http://chud.com/nextraimages/smokinacesposter.jpgThe other day we announced that Joe Carnahan, director of Narc and next month’s Smokin’ Aces, would be answering your questions on his blog, smokinjoecarnahan.com.
The response was terrific; we got a ton of great questions, which Joe has been answering at a damn quick clip.

This is the second installment, and there are more coming, but I still need more questions! Send your Carnahan Qs to me at devin@chud.com,
with Smokin’ Joe Carnahan in the subject line so they don’t get lost in
the spam. Feel free to ask Joe about anything under the sun – this
sonuvabitch is gonna answer the hell out of your questions.

Hey Joe.

A fan from France here. I don’t know whether Mr. Carnahan is at liberty to talk about it or not but I was wondering if he could tell us more about what he intended to do exactly on MISSION : IMPOSSIBLE – 3. Whether it would have been shot in a gritty style (as with NARC) or maybe with a little more polished cinematography (as with TICKER) ? Would it have been closer to the original TV series ? How would he compare it to recent spy/government agent flicks or shows such as the BOURNE franchise, 24, even CASINO ROYALE and, of course, De Palma’s and Woo’s and especially Abrams’ MISSION : IMPOSSIBLE movies? Since they too have tried to explore the genre with a more down to earth, even dark, approach.

Plus, I never really got who was going to write it. I heard there was an extraordinary script by Frank Darabont that got written. Was that for David Fincher? For Mr. Carnahan? Before J.J. Abrams?

Ok so it’s not exactly ONE question but I’m really curious about what could have been and hope you guys can give us some answers.

Thanks in advance and keep up the good work!

Robert Hospyan.

Robert:

We were going to absolutely take it gritty. I had told Tom and the studio that I wanted the ‘Punk Rock’ version of the series and I wanted to kick the shit out of the ‘Bourne’ series which I feel is so good and so smart. It seemed a perfect standard to try and vault if we could.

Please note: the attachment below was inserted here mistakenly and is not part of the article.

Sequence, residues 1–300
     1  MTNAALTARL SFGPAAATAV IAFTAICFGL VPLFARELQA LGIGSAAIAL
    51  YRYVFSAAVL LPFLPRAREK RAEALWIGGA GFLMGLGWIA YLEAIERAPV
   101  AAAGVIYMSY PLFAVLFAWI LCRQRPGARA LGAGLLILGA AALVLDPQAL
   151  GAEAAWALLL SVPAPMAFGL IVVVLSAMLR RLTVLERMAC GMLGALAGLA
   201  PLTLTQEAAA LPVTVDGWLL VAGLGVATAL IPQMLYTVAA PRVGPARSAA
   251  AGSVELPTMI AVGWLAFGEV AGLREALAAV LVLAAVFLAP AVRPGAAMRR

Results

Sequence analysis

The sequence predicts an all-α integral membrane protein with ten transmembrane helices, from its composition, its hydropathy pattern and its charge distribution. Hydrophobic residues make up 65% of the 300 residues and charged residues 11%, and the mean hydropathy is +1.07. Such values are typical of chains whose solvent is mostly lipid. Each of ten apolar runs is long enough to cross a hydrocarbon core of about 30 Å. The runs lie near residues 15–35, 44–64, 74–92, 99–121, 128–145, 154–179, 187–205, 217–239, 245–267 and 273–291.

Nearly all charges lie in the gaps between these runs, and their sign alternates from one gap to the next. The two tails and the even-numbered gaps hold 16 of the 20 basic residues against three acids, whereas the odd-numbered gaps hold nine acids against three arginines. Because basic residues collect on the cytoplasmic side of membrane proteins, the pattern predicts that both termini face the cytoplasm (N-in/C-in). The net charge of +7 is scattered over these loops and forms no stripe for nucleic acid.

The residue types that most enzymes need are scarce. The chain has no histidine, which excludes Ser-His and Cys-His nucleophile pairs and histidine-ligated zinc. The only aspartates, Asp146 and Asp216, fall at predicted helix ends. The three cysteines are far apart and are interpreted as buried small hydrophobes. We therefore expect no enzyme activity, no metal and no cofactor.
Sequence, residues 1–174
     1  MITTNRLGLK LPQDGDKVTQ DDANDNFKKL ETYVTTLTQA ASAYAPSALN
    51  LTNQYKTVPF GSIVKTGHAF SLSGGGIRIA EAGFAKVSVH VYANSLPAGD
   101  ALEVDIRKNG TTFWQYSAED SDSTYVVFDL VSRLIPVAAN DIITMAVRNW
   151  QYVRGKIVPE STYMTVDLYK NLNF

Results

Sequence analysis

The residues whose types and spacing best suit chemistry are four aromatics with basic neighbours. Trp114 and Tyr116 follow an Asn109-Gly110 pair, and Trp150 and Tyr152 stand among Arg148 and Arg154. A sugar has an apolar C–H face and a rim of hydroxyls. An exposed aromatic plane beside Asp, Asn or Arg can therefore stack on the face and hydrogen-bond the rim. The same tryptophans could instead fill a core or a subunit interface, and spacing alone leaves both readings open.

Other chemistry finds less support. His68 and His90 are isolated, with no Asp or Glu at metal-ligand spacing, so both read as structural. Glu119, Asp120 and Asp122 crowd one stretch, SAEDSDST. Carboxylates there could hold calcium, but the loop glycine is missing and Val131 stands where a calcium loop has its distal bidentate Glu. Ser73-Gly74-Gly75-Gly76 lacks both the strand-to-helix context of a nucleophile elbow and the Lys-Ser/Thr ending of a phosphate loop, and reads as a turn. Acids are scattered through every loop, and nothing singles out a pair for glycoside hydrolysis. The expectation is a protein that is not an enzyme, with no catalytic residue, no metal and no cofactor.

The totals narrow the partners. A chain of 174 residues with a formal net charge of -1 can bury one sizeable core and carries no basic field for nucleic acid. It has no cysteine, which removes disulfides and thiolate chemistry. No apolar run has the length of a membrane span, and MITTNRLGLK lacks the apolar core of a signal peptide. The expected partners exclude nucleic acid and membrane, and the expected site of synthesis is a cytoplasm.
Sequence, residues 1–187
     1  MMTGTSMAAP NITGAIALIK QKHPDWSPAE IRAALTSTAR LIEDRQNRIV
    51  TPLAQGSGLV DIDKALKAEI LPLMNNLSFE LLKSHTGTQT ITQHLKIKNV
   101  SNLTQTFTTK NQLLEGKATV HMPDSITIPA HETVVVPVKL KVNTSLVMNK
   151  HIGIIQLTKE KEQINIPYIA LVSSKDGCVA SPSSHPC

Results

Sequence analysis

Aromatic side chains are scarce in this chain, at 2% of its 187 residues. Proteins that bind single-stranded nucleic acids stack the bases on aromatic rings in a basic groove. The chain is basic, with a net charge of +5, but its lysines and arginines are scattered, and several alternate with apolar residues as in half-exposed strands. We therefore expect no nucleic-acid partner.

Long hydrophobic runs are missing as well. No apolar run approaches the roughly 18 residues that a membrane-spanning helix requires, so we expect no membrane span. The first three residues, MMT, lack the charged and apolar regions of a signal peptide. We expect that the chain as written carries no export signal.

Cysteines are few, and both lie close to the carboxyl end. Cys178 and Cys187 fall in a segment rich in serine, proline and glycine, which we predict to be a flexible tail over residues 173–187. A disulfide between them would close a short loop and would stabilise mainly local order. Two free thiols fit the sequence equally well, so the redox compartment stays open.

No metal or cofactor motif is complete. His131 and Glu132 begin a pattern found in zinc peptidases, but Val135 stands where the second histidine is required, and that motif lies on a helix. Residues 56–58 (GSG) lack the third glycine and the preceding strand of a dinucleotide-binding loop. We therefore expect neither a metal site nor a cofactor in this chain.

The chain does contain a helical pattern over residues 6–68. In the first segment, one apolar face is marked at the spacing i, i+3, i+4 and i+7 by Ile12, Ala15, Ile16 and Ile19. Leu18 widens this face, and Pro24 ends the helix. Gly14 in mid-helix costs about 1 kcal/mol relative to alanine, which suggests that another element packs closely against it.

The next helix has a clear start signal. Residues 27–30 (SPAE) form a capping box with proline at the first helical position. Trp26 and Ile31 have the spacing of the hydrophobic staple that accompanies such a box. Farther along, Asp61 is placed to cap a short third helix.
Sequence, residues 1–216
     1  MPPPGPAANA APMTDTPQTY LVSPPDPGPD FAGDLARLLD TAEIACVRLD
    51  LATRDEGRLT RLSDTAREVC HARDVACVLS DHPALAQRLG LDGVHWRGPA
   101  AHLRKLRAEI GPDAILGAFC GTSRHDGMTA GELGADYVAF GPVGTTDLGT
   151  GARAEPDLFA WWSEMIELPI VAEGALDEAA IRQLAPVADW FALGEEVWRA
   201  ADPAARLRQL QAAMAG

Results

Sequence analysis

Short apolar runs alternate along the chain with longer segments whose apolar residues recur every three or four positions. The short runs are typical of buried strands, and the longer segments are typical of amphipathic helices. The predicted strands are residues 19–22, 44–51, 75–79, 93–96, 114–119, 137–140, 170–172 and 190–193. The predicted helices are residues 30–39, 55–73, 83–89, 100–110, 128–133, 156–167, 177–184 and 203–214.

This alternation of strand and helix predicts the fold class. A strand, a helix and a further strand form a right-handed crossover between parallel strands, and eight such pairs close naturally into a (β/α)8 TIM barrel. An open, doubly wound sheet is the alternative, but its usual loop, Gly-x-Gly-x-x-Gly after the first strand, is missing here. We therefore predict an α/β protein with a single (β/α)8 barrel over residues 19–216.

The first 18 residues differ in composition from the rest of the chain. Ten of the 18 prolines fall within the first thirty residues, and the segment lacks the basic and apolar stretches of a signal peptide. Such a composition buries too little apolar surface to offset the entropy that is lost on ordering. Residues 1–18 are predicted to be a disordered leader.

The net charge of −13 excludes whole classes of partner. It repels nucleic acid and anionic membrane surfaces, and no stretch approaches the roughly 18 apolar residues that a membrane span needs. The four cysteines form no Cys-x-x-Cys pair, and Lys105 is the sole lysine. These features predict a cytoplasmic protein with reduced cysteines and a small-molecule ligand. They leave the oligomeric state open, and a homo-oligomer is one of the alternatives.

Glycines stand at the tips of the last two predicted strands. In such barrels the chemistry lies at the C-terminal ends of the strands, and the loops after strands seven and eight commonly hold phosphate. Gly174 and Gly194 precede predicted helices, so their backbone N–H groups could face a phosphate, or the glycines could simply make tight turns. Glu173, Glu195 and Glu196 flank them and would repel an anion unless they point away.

We were going to Africa with it. We were dealing with Private Military.

We had Kenneth Brannagh and Carrie-Anne Moss and Scarlett Johansen and easily the most kick ass story of the bunch. The real great script was the work of Dan Gilroy, who, oddly, is the younger brother of ‘Bourne’ scribe Tony Gilroy. He wrote a helluva draft that would have elevated that whole series to another level. It was very much a throwback to the TV show. Five people, working in tandem as opposed to one guy and a bunch of assistants.

Hope that helps a bit.

JC

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Joe,

Really loved Narc and can’t wait to see Smokin’ Aces. As I’m in Dublin, Ireland, I fear it won’t be till mid next year until I do. Speaking of which, I’m an editor, producer, writer by trade and I’m really interested in the way you edit and construct your sequences. The indication from what of I’ve seen of Aces is the pace seems to be radically different from Narc. How do you go about the construction of and what do you edit on, AVID, FCP? Also, rumor has it that a Dublin animation company did your opening sequence for the movie, true? Good luck with the movie. Look forward to hearing your comments.

Thanks, Adrian.

Adrian:

Voodoo Dog out of London did the opening and closing sequences.

Sorry man, as a fellow Irishman we’re always dubious about the Brits, but I love ‘em and they did standout work.